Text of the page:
- PacifiCorp continued to model coal retirement scenarios since it updated its coal fleet economic analysis in April, and anticipates approximately 2,000 MW of coal-fired generation will be retired over the next decade.
- The utility narrowed its preference to five scenarios that include early coal retirements, new transmission and wind and solar resources, as part of its integrated resource plan (IRP). Last week, PacifiCorp revealed a potential portfolio that it said would save customers $599 million over 20 years.
- Each of the five scenarios assumes PacifiCorp's Units 1 and 2 at the Naughton plant retire at the end of 2025, and include a range of retirement assumptions for Jim Bridger units, all of which are located in Wyoming.
The gist of PacifiCorp's IRP is already known, officials say; the company is now determining the timing and staging of coal retirements. But while the plan is becoming clearer, more work remains before a final IRP is put forth next month.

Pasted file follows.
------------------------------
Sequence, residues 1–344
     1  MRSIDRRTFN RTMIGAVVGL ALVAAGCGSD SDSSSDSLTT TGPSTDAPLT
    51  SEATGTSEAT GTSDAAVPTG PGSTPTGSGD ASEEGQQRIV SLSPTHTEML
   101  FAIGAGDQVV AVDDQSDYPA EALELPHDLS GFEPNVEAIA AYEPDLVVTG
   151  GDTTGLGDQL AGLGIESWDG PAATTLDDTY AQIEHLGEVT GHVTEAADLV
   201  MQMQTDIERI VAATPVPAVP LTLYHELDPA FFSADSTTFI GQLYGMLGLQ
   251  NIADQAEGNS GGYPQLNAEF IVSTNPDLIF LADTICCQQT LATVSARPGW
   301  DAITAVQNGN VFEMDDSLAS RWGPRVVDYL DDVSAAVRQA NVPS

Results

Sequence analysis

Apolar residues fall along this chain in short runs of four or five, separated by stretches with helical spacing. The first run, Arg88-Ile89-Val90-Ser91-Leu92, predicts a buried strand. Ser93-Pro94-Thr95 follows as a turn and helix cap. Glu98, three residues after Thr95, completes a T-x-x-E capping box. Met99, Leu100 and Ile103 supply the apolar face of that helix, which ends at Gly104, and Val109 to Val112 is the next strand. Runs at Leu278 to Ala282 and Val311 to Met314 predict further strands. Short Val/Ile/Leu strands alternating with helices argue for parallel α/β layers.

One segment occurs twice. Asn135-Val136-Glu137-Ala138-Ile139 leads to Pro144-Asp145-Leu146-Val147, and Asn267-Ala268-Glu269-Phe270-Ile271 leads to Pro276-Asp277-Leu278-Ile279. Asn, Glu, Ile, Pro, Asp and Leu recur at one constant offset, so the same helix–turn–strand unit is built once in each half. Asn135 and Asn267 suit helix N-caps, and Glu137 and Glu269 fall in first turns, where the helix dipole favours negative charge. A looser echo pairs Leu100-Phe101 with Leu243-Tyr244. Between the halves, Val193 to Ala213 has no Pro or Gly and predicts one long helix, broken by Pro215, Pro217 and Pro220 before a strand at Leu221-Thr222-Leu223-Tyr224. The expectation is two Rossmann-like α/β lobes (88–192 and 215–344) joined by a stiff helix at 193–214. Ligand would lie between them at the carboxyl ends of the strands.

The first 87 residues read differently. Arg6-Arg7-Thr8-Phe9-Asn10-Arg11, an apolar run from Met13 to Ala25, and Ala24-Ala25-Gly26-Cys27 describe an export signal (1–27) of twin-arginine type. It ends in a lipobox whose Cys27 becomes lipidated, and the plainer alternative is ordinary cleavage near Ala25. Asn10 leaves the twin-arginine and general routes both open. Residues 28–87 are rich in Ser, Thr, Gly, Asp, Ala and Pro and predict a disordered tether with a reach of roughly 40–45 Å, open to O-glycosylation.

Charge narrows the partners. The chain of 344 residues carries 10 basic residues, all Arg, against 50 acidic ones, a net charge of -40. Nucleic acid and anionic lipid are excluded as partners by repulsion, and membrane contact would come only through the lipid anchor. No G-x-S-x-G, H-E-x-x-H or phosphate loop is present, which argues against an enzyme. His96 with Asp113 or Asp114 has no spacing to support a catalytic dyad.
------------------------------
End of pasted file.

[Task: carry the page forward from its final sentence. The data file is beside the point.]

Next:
In a presentation for the stakeholder meeting last week, the utility said 30 "cases" have been updated over the summer, including additional cases requested by stakeholders, and more will be developed this month. For the five cases having the lowest system present value revenue requirement, PacifiCorp said it "has performed more granular reliability analysis... and incremental analysis to evaluate solar+battery resource options.
Most of PacifiCorp's coal units will reach the end of their depreciable lives sometime over the next 20 years, but generation could start being mothballed as soon as 2022, when new renewables are expected online.
"The addition of new renewable resources picks up beyond 2022," the utility said in the stakeholder presentation.
Through 2038, PacifiCorp says total new renewable capacity ranges between 8,411 MW and 10,711 MW. New battery capacity ranges between 3,099 MW and 4,558 MW.
PacifiCorp, a subsidiary of Berkshire Hathaway, expects to file its final long-term plan with state regulators on Oct. 18. In 2018, the company's analysis showed 13 of its 22 coal units are more expensive than alternative options, including renewable energy. The utility is planning to release a draft preferred portfolio on Oct. 3.